2. 2. In Vitro Antibacterial Activities Of Cochlospermum planchonii Roots Crude Extracts DOI: 10.9790/3008-1012115120 www.iosrjournals.org 116 | Page 2.2 Test Organisms: The microorganisms used were clinical strains of Staphylococcus aureus, Escherichia coli, Salmonella typhii, Pseudomonas aeruginosa and Shigella Flexner, and reference strains of Staphylococcus aureus (ATCC 28923), Escherichia coli (ATCC 25922) and Pseudomonas aeruginosa (ATCC 27853) used as controls. 2.3 Extraction procedure The root of the plant Cochlospermum planchonii were collected, sun dried and pulverized by pounding. One hundred grams (100g) of the powdered roots of Cochlospermum planchonii were placed in a corked bottle, and 500 ml of solvent (methanol, petroleum ether, chloroform or hot water) were added in the cold (cold extraction). The resulting suspension was allowed to stand in a tightly covered bottle for 48 hours at room temperature after which it was filtered using Whatman’s No.1 filter paper into a round bottom flask. The flask containing the filtrate was placed in the water bath and allowed to evaporate off the extraction solvent to obtain the crude extract. The crude extract was placed in sterile sample bottles and labeled appropriately. The yield was weighed and recorded in grams. 2.4 Determination of minimum inhibitory concentration (MIC): The microdilution assay and disc diffusion were carried out using the Ciprofloxacin against the test organisms both the reference strains and clinical isolates to confirm the sensitivity of Ciprofloxacin against the test organisms. 2.5 Microdilution Assay Technique The antibacterial activities of the various extracts were assayed using modified microdilution techniques of Drummond and Waigh (2000), as described by Satyajit et al. (2007). Micro titre plates were prepared under aseptic conditions. A sterile 96-well microtitre plate was labeled. One hundred microlitres (100 µL) of test material in 10%(v/v) dimethylsulpoxide (a stock concentration of 10mg/ml) was pipetted into the first row of wells in triplicates. Sterile nutrient broth (50 µL) was added to all other wells. The extract was serially diluted two-folds using a multichannel pipette. Tips were discarded after use so that each well had 50 µL of the test material in serially descending concentrations. To each well 10 µL of resazurin indicator dye solution in sterile water was added. Bacterial suspension (10 µL) in nutrient broth (5x106 cfu/ml) was added to each well to achieve a concentration of 5x105 cfu/ml. Two columns were used as controls: positive control (comprising broad-spectrum antibiotic Ciprofloxacin) that prevented bacterial growth; and negative control containing bacterial suspension, resazurin indicator dye and 10%v/v dimethylsulphoxide without the test extract. Finally each plate was sealed with paraffin film to ensure that the bacteria did not become dehydrated. Plates were incubated at 33°C for 18- 22hrs. The plates were then observed macroscopically for colour change and turbidity under the reading mirror. The minimum inhibitory concentration, which is the lowest concentration of the extract that caused bacterial growth inhibition, was read off. 2.6 Minimum bactericidal concentration The minimum bactericidal concentration was determined by sub culturing the minimum inhibitory concentrations onto a sterile surface of drug free Mueller-Hinton agar plates. The plates were incubated at 330 C for 18-22hours. The plates were observed for colonies and non colonies. Plates without growth colonies indicate minimum bactericidal concentration. 2.7 Disc Diffusion Assay Technique Antimicrobial screening using the disk diffusion method as described by the NCCLS (2004) was carried out. Twenty milliliters (20 ml) of molten sterile Mueller-Hinton agar was poured into sterile Petri dishes and was allowed to solidify. A loopful of inoculums containing 5x105 cfu/ml bacterial suspension was uniformly streaked on the surface of the agar. Pre-sterilized filter paper discs of 3 mm diameter were impregnated with the different concentrations of extracts, and were placed on the seeded agar. Ciprofloxacin discs (10µg) used as a positive control and discs saturated with sterile water (negative control) were placed at the center of the seeded plates and incubated for 18-22hrs at 33 to 37o C. At the end of incubation period, diameter of inhibition zones in all three replicates were measured in millimeters using measuring slide and the mean of the three was determined (Barry et al., 2001). 2.8 Phytochemical Test Phytochemical test was carried out on the extracts for the following bioactive constituents: tannins, saponins, cardiac glycosides, alkaloids, sterols and flavonoids. Chemical tests were carried out on the extracts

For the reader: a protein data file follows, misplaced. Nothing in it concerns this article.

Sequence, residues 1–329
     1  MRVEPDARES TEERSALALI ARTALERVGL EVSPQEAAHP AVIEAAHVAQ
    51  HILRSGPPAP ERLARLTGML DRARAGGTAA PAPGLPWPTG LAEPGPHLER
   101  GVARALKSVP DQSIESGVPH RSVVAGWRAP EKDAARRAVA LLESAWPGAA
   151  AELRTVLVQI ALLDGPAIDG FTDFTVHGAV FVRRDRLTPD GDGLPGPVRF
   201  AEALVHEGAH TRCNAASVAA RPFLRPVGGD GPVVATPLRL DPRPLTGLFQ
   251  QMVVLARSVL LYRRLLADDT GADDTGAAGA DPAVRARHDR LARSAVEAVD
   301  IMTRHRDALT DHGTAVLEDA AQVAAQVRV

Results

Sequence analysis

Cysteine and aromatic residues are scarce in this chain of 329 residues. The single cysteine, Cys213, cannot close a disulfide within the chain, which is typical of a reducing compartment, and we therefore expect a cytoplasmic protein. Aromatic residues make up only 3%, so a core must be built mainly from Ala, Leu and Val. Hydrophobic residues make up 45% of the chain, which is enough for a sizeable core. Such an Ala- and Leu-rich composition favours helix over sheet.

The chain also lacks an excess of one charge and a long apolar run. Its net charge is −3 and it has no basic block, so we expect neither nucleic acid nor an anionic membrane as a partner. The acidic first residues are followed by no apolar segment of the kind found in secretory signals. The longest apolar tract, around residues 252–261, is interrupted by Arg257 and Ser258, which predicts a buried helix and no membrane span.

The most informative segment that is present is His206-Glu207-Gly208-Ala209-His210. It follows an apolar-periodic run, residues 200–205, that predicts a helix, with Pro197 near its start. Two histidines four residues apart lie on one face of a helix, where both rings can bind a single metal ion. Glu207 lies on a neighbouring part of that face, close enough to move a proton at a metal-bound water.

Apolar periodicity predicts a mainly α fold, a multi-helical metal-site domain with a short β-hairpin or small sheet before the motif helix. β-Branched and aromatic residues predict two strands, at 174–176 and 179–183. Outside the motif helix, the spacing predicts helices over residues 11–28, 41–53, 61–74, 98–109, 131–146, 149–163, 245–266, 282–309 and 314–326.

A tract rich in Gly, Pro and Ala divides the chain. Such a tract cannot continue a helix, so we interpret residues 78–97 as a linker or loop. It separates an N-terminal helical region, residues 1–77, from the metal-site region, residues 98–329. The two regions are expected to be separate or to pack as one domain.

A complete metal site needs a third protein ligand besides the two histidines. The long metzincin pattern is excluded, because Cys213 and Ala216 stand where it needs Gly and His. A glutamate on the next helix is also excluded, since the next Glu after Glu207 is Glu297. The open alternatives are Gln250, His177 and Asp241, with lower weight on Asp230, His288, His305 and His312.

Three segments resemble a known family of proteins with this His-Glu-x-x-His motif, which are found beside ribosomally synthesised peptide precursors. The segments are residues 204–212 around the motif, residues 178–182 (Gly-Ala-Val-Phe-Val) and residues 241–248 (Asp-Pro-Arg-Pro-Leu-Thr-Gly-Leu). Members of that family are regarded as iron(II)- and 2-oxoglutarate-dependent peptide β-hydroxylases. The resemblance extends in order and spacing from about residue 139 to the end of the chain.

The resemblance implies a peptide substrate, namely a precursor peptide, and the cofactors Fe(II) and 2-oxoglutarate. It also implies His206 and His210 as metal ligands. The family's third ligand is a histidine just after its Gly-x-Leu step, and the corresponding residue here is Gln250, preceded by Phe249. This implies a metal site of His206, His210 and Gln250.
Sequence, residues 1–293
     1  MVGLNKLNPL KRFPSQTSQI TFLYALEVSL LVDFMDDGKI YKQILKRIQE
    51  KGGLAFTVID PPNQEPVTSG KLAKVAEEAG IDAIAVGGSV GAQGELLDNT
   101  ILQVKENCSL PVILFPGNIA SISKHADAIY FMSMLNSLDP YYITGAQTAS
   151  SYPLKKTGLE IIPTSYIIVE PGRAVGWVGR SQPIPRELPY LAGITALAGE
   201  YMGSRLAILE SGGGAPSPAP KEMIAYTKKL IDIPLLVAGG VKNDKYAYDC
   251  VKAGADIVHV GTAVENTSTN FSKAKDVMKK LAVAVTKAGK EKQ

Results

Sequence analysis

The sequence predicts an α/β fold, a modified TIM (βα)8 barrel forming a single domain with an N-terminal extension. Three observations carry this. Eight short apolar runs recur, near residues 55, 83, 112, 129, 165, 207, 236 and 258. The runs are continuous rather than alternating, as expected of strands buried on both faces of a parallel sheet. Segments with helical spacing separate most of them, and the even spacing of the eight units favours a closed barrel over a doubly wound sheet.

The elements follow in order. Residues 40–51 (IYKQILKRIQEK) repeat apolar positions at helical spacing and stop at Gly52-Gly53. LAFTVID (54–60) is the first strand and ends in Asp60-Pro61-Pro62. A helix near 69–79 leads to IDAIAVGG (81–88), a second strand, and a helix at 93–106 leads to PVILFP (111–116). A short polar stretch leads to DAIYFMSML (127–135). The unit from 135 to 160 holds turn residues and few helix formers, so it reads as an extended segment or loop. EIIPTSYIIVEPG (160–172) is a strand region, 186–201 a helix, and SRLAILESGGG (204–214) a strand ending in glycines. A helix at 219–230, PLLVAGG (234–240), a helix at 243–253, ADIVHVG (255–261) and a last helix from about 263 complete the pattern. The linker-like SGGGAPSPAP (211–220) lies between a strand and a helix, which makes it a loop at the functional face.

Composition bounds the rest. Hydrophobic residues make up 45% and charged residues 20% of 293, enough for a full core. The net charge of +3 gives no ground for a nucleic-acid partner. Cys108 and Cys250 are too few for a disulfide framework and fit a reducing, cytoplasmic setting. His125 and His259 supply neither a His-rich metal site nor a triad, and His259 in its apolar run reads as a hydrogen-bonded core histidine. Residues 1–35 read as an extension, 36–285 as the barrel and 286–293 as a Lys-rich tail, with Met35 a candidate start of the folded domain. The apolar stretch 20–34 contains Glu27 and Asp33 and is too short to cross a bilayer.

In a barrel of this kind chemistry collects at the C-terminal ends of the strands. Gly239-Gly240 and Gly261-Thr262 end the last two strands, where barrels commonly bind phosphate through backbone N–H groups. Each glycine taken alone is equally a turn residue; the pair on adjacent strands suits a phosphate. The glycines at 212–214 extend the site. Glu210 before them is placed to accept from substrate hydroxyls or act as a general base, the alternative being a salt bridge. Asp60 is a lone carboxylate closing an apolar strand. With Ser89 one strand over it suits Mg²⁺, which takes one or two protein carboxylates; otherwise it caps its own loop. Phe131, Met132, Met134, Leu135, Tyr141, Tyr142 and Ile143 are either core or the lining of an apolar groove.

3. 3. In Vitro Antibacterial Activities Of Cochlospermum planchonii Roots Crude Extracts DOI: 10.9790/3008-1012115120 www.iosrjournals.org 117 | Page of the root using standard procedures to identify the constituents as described by Sofowara (1993), Trease and Evans (2002), and Harborne (1998). 2.8.1 Test for Tannins: Small portion of extracts of root each was stirred with 1ml absolute methanol and FeCl3 (aq) added in a test tube. A blue black precipitate is indicative of the presence of tannins. 2.8.2 Test for Saponins: i. Frothing test; Small portion of extracts of root each was shaken with water in a test tube. Frothing which persisted on warming is indicative of the presence of saponins. ii. Emulsion test ; Five drops of olive oil was added to 3ml of extracts of root in a test tube and the mixture was vigorously shaken to form stable emulsion. Formation of stable emulsion indicates the presences of saponins. 2.8.3 Test for Flavonoids: 2ml of solution of extracts was added to Magnesium chip and few drops of H2SO4 in a test tube. Light yellow precipitate in brown solution is indicative of flavonoids. 2.8.4 Test for Alkaloids: i). Small portion of the extracts of root was dissolved in 2ml 0.1 HCl (aq) in a test tube. To this was added 2 drops of Mayer’s reagent, a light yellowish white precipitate indicates the presence of alkaloids. ii). Dragendroff’s reagent, 0.85g basic bismuth nitrate in 10ml glacial acetic acid into 40ml water was added to small portion of extracts of root in a test tube and the mixture was heated for 2minutes. Faint yellowish orange precipitate indicates the presence of alkaloids. 2.8.5 Test for Cardiac glycosides: Keller-Killani test; To a small portion of solution of extracts in glacial acetic acid containing 2 drops of FeCl3 (aq) was added 1.5ml conc. H2SO4. Lower conc. H2SO4 layer that is colourless, with upper acetic acid layer is indicative of the presence of glycosides. 2.8.6 Test for Sterols: The extracts were dissolved in 2ml of acetic anhydride and cooled ice conc. H2SO4 was carefully added. A colour change from violet to blue then to green indicates the presence of sterols. 2.9 Statistical Analysis: Inferential and descriptive data analyses were carried out using SPSS version 15.0. The t-test was used to determine mean differences (zones of inhibition diameter) of the extracts, clinical isolates and reference strains of the test bacteria, and Gram-positive and Gram-negative test bacteria. F-statistic (ANOVA) was used to determine the mean differences between extraction solvents, namely, hot water, methanol, chloroform, and petroleum ether. III. Results Table 1 showed the minimum inhibitory concentrations of root extracts of C. planchonii using modified indicator based micro-dilution technique. The MIC of methanolic root extracts was between 1.25 and 5.00mg/ml. E.coli ATCC 25922 was 1.25mg/ml and S. aureus ATCC 28923 and Pseudomonas aeruginosa ATCC 27853 were 1.25mg/ml respectively. Petroleum ether extract had the weakest antibacterial activity of 5.0mg/ml. The MIC of the hot water root extract for Staphylococcus aureus ATCC 28923 and Escherichia coli ATCC 25922 could not be determined because there was no change in colour in the wells. The results of the antibacterial susceptibility test of the plant root extracts using the disc diffusion method are shown in Table 2. The extracts of different solvent screened showed varying inhibitory effects of methanolic extracts (8-12mm), chloroform extracts (4-10mm), petroleum ether extracts (4-7mm) and hot water (4-10mm) against the test organisms. Ciprofloxacin used as the positive control had (11-15mm) gave the largest zone of inhibition. The results of the qualitative phytochemical screening of Cochlospermum planchonii root investigated as presented in Table 3, revealed some of the bioactive constituents that were present in the root extract such as alkaloids, saponins, tannins, cardiac glycosides and sterols. Flavonoids were absent in the root extracts. The results showed that the control containing only the resazurin dye and dimethylsulphoxide did not exhibit any antimicrobial activity indicating no zone of inhibition diameter (Tables 1 and 2). The result of the statistical significance test at 0.05 level showed that there is no significant difference (P> 0.05) between the roots extract and the organisms as shown on Table 4. The Choclospermum planchonii roots are shown in Fig.1. The minimum inhibitory concentrations and zones of inhibition diameter of Choclospermum planchonii root extracts against reference organisms and clinical isolates are shown in Fig 2 and 3 respectively. The results showed that the minimum inhibitory concentration of 1.25mg/ml of the methanol extract was observed for Staphylococcus aureus ATCC 28923, Escherichia coli ATCC 25922, Pseudomonas